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matlocc

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Reply with quote  #1 
So I have 2 students that have really jumped into this.  I was talking with them about the cool air moving in at night and the need for blocking the vent.
One kid suggested a damper controlled by a car lock actuator (because we are using a 12 volt fan system)  He said to have it turn on when the fans went on opening the damper and then when the power went off have a spring assist return to close the damper.  Has anyone done anything like this?

stmbtwle

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Reply with quote  #2 
I think a car lock actuator would work well, BUT...

I have a few and I've done some experimenting with them. They have plenty of power but are only designed to operate for a fraction of a second. If used to hold a vent door open they will likely burn out.

The door could be designed to stay open once opened, but then a reverse circuit would be needed to close it.

An alternative would be a resistor in series with the actuator to reduce the current to a "safe" level, but this will also reduce the power.

Another method would be a limit switch with a "hold" resistor. You'd have full power to open the vent, but once limit was reached, the resistor would reduce current to a safe "hold open" value.

Still, lock actuators are cheap and readily available, and IMO well worth investigating.

The easiest system might be a cloth flapper "valve" that will operate by fan pressure, or a collector design that does not siphon.

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Rick H Parker

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Reply with quote  #3 
I would be looking at the electrically controlled fresh air vent on a car. The fresh air vent is a damper ....
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Rick H Parker
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stmbtwle

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Reply with quote  #4 
It's a great idea, BUT it's easier said than done. The ones I took apart had several wires and a circuit board. I burned up both of them and never did could get one to work. Might have to contact the auto manufacturer for a wiring diagram.
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gbwillson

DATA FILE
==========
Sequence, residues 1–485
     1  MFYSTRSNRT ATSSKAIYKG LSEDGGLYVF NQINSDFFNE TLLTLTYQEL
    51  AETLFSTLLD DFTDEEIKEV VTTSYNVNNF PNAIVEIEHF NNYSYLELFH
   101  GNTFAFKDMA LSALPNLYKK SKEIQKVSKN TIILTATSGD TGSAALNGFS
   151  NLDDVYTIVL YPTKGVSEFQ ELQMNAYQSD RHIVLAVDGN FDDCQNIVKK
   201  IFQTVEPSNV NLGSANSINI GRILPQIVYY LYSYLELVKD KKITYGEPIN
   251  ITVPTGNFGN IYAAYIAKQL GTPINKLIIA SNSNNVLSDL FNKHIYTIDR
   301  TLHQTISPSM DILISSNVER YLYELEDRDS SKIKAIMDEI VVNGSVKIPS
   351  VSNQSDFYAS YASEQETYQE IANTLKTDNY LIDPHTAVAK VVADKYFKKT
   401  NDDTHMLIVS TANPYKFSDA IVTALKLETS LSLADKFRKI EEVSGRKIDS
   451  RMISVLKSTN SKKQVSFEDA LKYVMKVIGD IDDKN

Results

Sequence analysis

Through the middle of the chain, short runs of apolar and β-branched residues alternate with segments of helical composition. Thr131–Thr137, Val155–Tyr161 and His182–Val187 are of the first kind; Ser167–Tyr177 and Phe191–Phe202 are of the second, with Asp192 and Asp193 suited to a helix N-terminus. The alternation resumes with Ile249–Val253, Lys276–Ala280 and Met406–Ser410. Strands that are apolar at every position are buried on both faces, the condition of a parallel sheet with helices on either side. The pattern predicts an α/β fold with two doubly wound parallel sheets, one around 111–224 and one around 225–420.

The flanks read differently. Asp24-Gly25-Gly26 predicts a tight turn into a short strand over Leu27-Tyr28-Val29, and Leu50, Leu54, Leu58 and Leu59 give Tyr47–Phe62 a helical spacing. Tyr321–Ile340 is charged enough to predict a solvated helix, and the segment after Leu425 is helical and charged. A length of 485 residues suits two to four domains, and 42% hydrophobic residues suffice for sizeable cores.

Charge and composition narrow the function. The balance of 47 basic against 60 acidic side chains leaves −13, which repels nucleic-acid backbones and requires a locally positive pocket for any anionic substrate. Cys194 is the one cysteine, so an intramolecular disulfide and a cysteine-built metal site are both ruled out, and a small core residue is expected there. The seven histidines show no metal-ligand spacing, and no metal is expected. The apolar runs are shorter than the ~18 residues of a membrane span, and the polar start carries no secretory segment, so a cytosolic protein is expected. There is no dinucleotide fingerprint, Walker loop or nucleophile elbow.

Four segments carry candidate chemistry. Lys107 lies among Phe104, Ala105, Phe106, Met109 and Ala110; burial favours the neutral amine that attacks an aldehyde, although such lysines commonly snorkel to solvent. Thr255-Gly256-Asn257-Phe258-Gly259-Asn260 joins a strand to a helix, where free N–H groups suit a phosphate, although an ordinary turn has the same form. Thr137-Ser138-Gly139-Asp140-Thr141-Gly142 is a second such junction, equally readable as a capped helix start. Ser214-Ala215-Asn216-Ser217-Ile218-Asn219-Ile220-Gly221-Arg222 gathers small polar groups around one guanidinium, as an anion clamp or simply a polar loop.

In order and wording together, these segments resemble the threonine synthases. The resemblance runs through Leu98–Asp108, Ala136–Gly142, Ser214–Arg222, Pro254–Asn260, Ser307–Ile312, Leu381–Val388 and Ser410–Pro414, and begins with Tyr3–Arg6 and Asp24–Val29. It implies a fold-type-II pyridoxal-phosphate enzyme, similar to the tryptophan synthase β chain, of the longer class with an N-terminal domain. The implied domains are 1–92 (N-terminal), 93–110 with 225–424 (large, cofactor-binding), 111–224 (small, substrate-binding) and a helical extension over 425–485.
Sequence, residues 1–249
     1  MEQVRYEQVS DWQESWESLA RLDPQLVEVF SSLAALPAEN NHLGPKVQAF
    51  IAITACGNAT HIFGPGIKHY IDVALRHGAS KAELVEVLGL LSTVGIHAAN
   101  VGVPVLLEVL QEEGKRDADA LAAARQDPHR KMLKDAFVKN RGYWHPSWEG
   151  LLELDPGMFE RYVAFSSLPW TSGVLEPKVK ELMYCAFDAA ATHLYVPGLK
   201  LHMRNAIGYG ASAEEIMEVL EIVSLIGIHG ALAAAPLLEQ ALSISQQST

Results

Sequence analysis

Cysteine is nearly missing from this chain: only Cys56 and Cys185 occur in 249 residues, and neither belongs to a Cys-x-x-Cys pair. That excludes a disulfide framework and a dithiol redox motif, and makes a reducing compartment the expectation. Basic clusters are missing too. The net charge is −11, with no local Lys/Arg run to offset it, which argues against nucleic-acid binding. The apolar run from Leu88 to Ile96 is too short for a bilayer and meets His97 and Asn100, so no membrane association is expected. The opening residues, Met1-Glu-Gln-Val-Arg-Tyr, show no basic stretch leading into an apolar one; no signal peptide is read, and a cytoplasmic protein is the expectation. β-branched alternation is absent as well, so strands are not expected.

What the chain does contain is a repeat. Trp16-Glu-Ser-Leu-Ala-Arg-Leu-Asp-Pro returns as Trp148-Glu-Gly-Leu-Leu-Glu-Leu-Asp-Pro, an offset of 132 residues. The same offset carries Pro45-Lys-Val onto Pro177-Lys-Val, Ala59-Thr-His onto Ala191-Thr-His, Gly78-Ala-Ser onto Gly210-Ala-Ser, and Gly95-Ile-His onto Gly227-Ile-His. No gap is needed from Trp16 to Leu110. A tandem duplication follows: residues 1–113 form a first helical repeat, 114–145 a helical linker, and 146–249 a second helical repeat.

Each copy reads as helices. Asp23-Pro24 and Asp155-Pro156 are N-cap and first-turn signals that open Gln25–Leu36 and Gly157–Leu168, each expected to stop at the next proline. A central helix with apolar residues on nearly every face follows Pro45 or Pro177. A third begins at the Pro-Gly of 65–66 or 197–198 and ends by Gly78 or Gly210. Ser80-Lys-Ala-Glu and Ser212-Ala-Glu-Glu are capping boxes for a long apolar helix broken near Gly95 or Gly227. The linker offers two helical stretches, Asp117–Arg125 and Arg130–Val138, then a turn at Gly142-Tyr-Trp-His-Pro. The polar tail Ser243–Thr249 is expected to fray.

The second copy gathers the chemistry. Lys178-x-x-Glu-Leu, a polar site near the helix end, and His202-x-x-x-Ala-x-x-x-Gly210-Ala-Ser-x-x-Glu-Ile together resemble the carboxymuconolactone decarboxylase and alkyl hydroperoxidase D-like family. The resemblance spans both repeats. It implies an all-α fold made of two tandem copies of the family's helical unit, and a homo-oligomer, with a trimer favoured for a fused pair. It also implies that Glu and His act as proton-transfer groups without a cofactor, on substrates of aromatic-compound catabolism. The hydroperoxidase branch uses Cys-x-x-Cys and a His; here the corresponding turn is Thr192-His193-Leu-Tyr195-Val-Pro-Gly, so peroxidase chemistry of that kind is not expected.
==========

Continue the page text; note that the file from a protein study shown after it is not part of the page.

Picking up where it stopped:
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Reply with quote  #5 
A dealership MIGHT have the wiring diagram. But then again, it's more probable that they would simply replace the unit without trying to track down a fault. Doesn't hurt to ask...
Rick H Parker

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Reply with quote  #6 
The ones I took apart had several wires and a circuit board.

Stepper motor and control board. You got to figure out how to command the control board not power the motor.

A dealership MIGHT have the wiring diagram.

Or find them online.

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Rick H Parker
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stmbtwle

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Reply with quote  #7 
All well and good, but as I said, easier said than done. They're on Ebay if one can figure them out.

Simpler would probably be an ordinary hobby servo. Either one would probably require an Arduino or similar processor. The "nano" can be had for <$10, and coding is online.

If anyone knows how to control one DIRECTLY with a pot or thermistor (no processor), it would be handy to know.


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Rick H Parker

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Reply with quote  #8 

You cannot control one with pot or thermistor. One needs to step the motor by jumping from coil to coil. That why a controller is used. One could control a stepper with a rotary switch. You don't run a stepper motor, it is step and hold forward or backwards.

[200px-StepperMotor]

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Rick H Parker
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stmbtwle

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Reply with quote  #9 
I know how stepper motors work, I used to work with them.  Never had to try to control one though.  I know servos have some sort of feedback circuit to determine where the motor is, and move it if necessary (this can be done without a stepper motor) and I was hoping that they might respond to an analog signal.   I'm beginning to think that flapper actuator is just another servo.

OK what's the difference between an "analog" servo, and a "digital" servo?  Or is it just marketing BS?

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Rick H Parker

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Reply with quote  #10 
I'm beginning to think that flapper actuator is just another servo.

A servo cost more and a flapper does not need the precision of a servo. You can figure out the rest.

Steppers have a zero reference sensor, from there it is accounting.

OK what's the difference between an "analog" servo, and a "digital" servo?  Or is it just marketing BS?

The signal is processed digitally, by a microprocessor, on the "digital" servo. The "digital" servo has a higher resolution which makes the output closer to analog then the "analog" servo. It like call a square wave inverter an analog inverter and a modified sine wave inverter a digital inverter.  





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Rick H Parker
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